I don’t iron much anymore. A few table runners and my kitchen valences. I do know how to iron. I double starched many a uniform for Far Guy and when the girls were little they had cotton dresses.
Yesterday I cleaned the laundry/furnace room. I dusted off the iron..and vacuumed off the ironing board. That is one old iron I think I have had it about 20 years, it used to steam, not so much anymore. The ironing board is older, we got it for a wedding gift over 43 years ago. I hardly ever take it out..if I iron something I usually put a towel on the cupboard and iron away.
I learned to iron when I was 7 years old in 1958.
My mom wrote on this photograph “My Helper.”
I was ironing in the old farm house kitchen. There are clothes folded neatly on the table that is covered with an oilcloth and more laundry must be in that basket in the chair.
I know we washed one day, and almost everything was hung out on the line outside to dry. In the winter the clothes freeze dried stiff as a board. My Mom had a wringer washer in the basement. She would painstakingly get everything ready to hang..she would fold the sheets in half and then put the four points for the clothes pins all together so they were easy to hang, one after another the sheets would go into the basket ready to hang up outside. No matter what breeze was going through the yard, clothes were wrinkled after going through that wringer. Dads pants would go on the pants stretchers..just so..so the creases were right. Mom’s hands were constantly red and chapped in the wintertime. Sometimes the unmentionables and socks would be hung on the old wooden drying rack.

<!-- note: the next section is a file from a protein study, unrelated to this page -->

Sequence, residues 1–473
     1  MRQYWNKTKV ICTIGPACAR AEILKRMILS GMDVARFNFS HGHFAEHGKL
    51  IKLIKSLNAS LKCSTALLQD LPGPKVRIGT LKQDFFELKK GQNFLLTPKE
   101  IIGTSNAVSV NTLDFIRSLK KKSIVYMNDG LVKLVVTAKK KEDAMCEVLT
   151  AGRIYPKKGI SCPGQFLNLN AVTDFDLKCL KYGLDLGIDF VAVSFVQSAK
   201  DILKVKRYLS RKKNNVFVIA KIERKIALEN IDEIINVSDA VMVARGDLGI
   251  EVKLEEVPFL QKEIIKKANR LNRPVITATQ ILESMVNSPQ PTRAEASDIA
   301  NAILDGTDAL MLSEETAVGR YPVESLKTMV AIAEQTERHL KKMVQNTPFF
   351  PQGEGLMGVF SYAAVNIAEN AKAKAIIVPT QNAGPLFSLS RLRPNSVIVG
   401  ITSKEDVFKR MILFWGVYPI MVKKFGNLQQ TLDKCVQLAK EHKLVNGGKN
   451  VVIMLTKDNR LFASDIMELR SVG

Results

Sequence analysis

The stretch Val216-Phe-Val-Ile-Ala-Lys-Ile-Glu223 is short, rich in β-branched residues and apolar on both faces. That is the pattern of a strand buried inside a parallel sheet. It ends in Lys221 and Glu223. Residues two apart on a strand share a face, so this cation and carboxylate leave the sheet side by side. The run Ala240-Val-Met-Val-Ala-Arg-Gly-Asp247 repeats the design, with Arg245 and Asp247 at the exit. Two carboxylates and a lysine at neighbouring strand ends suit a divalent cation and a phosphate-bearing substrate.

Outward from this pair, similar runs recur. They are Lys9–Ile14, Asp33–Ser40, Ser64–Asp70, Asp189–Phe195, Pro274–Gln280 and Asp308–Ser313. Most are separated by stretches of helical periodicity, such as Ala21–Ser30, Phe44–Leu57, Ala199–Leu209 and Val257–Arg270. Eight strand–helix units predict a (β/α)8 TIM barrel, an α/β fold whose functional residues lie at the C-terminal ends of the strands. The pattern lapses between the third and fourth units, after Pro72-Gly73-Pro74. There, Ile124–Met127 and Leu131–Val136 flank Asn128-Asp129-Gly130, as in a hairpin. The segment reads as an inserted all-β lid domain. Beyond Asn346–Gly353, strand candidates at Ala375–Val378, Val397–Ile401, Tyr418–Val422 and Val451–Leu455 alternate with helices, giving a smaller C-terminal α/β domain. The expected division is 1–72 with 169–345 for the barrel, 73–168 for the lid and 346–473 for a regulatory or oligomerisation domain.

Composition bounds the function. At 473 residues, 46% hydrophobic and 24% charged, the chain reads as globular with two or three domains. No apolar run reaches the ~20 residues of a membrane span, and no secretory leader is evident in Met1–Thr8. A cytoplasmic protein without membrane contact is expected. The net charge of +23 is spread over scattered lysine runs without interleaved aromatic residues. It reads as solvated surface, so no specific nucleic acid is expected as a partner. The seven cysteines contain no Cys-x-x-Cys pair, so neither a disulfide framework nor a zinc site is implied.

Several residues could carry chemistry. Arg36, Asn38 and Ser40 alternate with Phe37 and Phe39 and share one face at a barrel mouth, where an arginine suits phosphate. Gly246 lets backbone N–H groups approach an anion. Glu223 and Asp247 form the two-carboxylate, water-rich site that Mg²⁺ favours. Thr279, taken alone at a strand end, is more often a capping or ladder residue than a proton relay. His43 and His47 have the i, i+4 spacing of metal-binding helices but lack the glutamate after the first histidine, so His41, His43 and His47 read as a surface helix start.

I liked to sprinkle clothes and then roll them up and put them in the plastic bag to be ironed the next day. I liked the smell of the clothes fresh off the line. When you ironed that outdoor fresh smell filled the air and delighted the olfactory senses of the person wielding the iron. Can you smell it?